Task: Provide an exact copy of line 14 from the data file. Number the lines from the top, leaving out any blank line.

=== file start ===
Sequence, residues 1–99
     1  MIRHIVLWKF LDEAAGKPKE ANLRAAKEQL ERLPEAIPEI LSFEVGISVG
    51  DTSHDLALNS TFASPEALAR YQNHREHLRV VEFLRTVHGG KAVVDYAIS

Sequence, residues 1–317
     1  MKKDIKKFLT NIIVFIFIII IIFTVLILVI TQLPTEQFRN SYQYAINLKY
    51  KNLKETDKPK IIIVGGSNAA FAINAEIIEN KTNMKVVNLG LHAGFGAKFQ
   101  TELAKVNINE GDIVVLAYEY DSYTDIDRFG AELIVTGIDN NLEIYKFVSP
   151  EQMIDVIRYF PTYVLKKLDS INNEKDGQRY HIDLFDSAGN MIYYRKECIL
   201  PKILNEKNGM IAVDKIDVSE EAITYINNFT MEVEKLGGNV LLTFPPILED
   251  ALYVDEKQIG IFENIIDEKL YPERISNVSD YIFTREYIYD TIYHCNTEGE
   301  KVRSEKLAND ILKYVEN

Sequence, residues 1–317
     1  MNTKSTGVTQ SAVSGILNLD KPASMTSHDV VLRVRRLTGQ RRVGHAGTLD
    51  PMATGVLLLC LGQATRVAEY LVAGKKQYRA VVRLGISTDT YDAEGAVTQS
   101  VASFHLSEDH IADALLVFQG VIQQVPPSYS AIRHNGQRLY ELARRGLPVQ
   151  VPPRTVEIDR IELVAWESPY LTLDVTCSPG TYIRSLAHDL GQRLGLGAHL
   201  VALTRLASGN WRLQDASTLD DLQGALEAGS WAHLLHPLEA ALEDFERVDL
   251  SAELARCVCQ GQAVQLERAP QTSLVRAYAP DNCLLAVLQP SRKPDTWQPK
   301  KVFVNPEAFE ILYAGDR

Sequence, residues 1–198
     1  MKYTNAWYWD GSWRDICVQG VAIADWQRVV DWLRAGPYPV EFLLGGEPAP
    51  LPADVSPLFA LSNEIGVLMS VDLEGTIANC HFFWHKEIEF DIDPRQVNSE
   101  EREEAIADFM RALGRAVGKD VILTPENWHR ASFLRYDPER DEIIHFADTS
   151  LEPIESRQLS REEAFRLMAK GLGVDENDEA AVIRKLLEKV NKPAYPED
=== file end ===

    51  PMATGVLLLC LGQATRVAEY LVAGKKQYRA VVRLGISTDT YDAEGAVTQS